A former executive assistant for the Diane & Guilford Glazer Foundation is suing her ex-employer, alleging she was wrongfully fired in 2021 for taking medical leave to deal with depression associated with a month-long bout with the coronavirus.
Veronica Mendez‘s Los Angeles County Superior Court lawsuit also names Guilford Glazer Properties Inc. as a defendant. The suit states that both the foundation and the company, each based in Beverly Hills, employed her “directly and indirectly.”
The suit also alleges disability, race and religious discrimination — Mendez is a Latina of the Mormon faith — as well as failure to accommodate and engage in the interactive process. Mendez seeks unspecified compensatory and punitive damages. A Diane & Guilford Glazer Foundation representative did not immediately reply to a request for comment on the suit brought Tuesday, Aug. 16.
The foundation focuses on the “prosperity and safety of Israel and the vitality and enrichment of Jewish communities in Israel, Los Angeles, and throughout the world,” the group’s website states. The foundation is also engaged in funding medical research and advancements in Israel and the United States as well as humanitarian relief efforts globally, according to the website.
Mendez was hired to work at the defendants’ predecessor company in April 2019 as an executive assistant, handling various administrative roles and duties, the suit states.
“The names on plaintiff Mendez’s paychecks from defendants varied not on the basis of the work done for each defendant, but by fictional dictates that defendants undertook, including in December of 2020, when defendants advised plaintiff Mendez in writing that certain changes in record keeping would change who her new employer was going forward starting in early 2021,” the suit states.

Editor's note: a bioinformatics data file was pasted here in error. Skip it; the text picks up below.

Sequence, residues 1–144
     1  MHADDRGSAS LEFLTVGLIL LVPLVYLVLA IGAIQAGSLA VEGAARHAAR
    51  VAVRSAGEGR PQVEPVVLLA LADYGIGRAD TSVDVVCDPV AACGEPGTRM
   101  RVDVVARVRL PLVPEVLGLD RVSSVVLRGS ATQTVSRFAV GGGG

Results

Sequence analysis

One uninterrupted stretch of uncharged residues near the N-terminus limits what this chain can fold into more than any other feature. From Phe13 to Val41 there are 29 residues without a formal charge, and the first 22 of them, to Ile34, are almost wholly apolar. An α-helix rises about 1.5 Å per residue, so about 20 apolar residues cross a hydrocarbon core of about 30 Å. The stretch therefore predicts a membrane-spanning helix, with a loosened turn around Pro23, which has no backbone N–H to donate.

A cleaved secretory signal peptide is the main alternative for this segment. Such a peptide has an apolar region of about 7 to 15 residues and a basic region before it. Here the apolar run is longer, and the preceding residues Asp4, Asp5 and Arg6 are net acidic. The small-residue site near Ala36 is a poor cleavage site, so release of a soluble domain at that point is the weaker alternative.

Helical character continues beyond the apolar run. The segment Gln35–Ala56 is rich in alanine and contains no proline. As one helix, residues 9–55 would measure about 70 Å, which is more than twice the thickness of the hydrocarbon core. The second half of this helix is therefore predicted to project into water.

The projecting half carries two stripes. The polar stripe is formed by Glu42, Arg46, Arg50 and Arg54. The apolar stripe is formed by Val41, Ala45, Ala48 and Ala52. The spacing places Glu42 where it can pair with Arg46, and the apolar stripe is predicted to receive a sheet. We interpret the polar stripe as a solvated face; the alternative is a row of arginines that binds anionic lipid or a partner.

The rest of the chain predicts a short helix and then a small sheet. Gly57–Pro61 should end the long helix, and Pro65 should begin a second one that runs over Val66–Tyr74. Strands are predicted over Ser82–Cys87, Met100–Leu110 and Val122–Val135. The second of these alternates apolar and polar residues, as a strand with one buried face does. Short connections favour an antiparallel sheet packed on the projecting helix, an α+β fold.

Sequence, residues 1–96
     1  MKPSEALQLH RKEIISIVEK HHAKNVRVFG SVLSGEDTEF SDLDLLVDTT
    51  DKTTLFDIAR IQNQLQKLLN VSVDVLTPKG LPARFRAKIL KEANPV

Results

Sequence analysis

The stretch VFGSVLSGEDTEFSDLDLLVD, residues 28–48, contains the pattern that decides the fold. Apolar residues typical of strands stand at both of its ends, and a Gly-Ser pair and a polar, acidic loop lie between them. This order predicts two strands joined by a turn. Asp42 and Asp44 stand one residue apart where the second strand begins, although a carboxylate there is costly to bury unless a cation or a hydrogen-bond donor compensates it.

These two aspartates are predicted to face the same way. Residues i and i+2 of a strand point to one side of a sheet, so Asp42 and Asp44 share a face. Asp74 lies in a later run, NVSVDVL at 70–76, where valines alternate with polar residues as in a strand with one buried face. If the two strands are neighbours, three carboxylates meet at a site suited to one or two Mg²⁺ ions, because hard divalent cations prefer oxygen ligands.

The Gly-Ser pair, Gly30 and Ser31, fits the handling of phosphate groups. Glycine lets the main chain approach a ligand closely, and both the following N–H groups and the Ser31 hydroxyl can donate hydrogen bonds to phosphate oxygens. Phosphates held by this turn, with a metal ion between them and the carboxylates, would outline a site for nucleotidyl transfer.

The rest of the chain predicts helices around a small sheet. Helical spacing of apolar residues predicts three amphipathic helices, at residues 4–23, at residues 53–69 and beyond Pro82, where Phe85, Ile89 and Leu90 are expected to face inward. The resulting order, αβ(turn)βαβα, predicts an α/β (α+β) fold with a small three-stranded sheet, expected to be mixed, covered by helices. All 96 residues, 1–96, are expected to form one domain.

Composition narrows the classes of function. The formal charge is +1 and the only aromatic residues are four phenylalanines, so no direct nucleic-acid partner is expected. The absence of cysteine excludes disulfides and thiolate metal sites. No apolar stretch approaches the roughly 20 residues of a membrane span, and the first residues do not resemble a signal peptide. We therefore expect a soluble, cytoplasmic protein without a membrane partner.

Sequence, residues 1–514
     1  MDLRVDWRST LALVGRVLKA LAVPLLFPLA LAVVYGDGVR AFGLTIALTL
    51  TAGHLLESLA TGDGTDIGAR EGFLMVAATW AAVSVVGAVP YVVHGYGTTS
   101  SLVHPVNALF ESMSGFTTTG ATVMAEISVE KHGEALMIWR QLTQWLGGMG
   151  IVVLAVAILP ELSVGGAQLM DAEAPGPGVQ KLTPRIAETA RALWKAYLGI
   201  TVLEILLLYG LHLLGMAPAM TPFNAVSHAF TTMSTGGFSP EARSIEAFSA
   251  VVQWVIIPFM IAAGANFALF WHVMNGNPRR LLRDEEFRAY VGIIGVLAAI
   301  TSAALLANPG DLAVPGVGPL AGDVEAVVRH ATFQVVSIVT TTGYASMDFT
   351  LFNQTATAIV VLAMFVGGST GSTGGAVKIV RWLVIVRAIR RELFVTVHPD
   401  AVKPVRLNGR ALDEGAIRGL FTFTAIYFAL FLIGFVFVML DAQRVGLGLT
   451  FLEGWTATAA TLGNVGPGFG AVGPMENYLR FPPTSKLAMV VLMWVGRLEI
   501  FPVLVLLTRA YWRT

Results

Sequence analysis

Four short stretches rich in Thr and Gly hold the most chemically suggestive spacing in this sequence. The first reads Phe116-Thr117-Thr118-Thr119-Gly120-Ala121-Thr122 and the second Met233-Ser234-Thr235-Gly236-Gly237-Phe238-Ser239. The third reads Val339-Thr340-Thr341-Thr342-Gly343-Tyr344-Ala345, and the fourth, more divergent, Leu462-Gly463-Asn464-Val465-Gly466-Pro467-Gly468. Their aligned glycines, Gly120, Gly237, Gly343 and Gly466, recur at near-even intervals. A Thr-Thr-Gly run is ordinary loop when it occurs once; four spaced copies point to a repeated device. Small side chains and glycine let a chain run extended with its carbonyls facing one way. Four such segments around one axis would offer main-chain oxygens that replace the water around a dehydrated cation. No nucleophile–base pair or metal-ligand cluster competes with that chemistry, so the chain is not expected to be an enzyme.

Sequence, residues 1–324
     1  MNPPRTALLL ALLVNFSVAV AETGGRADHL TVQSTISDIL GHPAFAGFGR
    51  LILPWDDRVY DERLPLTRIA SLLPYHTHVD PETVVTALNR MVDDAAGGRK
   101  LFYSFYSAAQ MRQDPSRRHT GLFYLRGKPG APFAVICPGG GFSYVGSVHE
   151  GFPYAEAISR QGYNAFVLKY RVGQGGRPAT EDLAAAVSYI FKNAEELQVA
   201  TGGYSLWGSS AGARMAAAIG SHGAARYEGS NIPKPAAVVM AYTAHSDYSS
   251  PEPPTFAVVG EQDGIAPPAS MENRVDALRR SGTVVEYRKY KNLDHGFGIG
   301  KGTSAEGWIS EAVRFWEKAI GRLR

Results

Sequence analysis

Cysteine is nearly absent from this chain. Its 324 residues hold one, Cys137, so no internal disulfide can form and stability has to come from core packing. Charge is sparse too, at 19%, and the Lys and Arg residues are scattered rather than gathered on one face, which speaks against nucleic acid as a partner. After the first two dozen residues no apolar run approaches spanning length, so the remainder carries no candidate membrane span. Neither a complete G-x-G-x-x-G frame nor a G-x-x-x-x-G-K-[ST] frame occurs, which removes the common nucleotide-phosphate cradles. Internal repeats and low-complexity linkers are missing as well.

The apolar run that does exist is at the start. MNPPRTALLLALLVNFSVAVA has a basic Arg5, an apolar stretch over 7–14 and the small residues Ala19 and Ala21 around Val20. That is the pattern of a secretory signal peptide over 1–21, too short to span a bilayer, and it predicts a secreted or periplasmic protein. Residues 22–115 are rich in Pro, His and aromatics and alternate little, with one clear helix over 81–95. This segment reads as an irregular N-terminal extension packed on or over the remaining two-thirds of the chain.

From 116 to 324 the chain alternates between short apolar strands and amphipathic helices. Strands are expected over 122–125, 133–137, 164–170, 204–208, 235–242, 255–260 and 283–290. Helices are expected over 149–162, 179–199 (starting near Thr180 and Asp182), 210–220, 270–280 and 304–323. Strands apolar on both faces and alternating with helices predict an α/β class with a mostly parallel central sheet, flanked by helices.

Starting in May 2021, Mendez acquired clinical depression and anxiety associated with a 34-day bout with the coronavirus, which she acquired in December 2020, the suit states. Her resulting emotional condition temporarily prevented the plaintiff from working and required she take medical time off, then later a brief disability leave, the suit states. Mendez initially tried to continue working, but in July 2021 her doctor placed her on medical leave for severe depression and anxiety and the physician later issued several leave extensions, with the final one scheduled to expire last Nov. 29, the suit states. However, on Oct. 15, just two days after the last medical leave extension notice, her employers notified her by email that she was being fired, the suit states.
“Unfortunately, given the pattern of the notes from your doctor, the indefinite nature of your leave and due to our ongoing and growing business needs, the foundation is unable to continue to hold open your position with the Foundation under a further leave of absence,” states the foundation’s email to Mendez, a copy of which is attached to the suit.
The email also states that the foundation had given Mendez an additional three weeks leave beyond its family leave and temporary disability leave policies.
Mendez has suffered financial losses and emotional distress since losing her job, according to the suit, which further states that while she was off on medical leave, her former employers advertised in August 2021 for someone to fill her position.